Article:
No-one, it seems, can resist joking about the welfare “reforms” announced in the Queen’s speech. It’s either laugh or cry – these “reforms” could impoverish the most vulnerable people in our society, but it is not the vulnerable that are the focus of the jesting. Rather it’s the absurd claims of government ministers.
Mark Steel has a characteristically ebullient collumn in the Indy:
Throughout these proposals is the insistence the cuts are part of an overall plan to help the jobless find work. Which is why it’s essential to insist, whenever they start on this track, that the reason unemployment is going up is because there’s a bloody recession, and not because people have suddenly become useless at finding work. It would be more honest if these interviewers at job centres called in the unemployed and said: “I’ve studied your records, and the main reason you seem unable to find work is you’re living through the start of a slump. So I’m sending you on a course that can teach you how to be in 1998, or if you prefer 1957, when you should be able to get a job as a bus conductor or chirpy coalman with no problems at all.”
They know these proposals will, at most, effect which people are unemployed, but make no difference to the total of unemployed. They might as well announce a plan to send a pack of rabid dogs after anyone claiming benefits, while insisting: “This scheme will assist claimants by forcing them up trees where they might be offered a job as a tree surgeon or ornithologist or member of the paparazzi.”
Paul Feldman is uncharacteristically sarcastic over at A World To Win:
At last the government is getting its priorities right! The poor are obviously the main problem in society, if not the cause of the economic crisis, and what they need is discipline and more discipline. My only surprise is that New Labour has not actually resorted to a reintroduction of the Poor Law. In Victorian England, when people scrounged and begged instead of working for a pittance they were sent to the workhouse. That soon sorted them out!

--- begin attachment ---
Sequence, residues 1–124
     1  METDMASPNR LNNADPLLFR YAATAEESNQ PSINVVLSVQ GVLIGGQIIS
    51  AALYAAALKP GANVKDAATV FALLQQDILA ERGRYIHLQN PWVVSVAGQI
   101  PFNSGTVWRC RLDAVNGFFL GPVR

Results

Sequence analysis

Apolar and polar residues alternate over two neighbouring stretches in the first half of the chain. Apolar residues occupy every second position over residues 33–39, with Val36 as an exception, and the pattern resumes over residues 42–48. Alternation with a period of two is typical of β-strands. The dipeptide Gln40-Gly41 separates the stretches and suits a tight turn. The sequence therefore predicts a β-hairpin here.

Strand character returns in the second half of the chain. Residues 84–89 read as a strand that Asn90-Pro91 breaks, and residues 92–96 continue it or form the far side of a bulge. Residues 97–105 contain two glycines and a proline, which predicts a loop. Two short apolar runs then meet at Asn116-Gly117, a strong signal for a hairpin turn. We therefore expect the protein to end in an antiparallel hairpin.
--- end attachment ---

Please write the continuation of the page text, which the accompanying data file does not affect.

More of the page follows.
The rate work and pensions minister James Purnell is going, however, the workhouse could will be his next proposal. Yesterday he published a review prepared by the academic Paul Gregg that proposed that all lone parents with children as young as one ought to be required to make themselves ready for work. Only in July, he proposed that it should be a requirement for lone parents with children aged seven or above to seek work (it is estimated there are 600,000 lone parents with children aged under seven). At this rate, those with unborn children will soon be in the frame.
“Sanctions would only apply to those who refuse to take steps to be job-ready that have been jointly agreed with their personal advisers in jobcentres,” said a ministry official. From 2010 many of these advisers will be employed by the private sector or charities, as the privatisation of welfare continues apace in New Labour’s brave new world. Some of the charities now fear that mass unemployment will render their contracts useless. Have no pity for those who scrambled to help to implement the government’s agenda.
Purnell’s proposals have drawn a fierce reaction. John McDonnell MP described them as “New Labour’s reactionary flailings” and warned: “The pressure that will be placed on lone parents will have a direct impact on the care that they can provide to their children – and affordable childcare is still not sufficiently available.”
A coalition of trade union leaders and poverty campaigners has condemned the attacks on claimants and called on “the government to rethink its plans”. That is simply not going to happen. New Labour’s answer to the economic and financial crisis is to drive down conditions and wages to help get capitalism back on its feet again. If just one union leader recognised that fact and opened a campaign to defeat the government, it would be a step forward.